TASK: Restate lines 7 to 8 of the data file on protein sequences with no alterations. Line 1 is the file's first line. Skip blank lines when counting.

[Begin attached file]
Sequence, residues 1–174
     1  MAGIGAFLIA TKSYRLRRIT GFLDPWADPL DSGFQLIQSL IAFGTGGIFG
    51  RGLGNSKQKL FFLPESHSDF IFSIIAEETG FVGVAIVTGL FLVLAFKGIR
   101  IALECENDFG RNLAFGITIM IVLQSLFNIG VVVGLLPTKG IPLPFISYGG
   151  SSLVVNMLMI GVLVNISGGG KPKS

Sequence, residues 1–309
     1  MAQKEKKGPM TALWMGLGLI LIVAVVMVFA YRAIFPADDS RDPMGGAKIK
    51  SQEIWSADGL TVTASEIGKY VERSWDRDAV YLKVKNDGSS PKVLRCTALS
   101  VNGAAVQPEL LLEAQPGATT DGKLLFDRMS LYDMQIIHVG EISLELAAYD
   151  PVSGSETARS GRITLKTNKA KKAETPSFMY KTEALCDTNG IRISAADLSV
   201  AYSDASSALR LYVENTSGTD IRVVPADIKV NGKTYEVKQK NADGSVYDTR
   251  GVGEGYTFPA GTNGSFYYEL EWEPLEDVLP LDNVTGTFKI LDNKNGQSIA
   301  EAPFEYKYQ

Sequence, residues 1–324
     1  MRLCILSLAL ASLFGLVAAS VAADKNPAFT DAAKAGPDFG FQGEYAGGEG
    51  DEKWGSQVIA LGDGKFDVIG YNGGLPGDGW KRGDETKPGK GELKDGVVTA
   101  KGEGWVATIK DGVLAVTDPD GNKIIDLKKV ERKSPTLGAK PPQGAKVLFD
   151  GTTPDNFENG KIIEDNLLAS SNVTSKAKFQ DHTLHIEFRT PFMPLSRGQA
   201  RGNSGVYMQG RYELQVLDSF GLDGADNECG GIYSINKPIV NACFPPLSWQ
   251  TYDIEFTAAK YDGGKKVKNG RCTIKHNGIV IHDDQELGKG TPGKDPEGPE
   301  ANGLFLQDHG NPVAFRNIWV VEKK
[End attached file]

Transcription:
     1  MAQKEKKGPM TALWMGLGLI LIVAVVMVFA YRAIFPADDS RDPMGGAKIK
    51  SQEIWSADGL TVTASEIGKY VERSWDRDAV YLKVKNDGSS PKVLRCTALS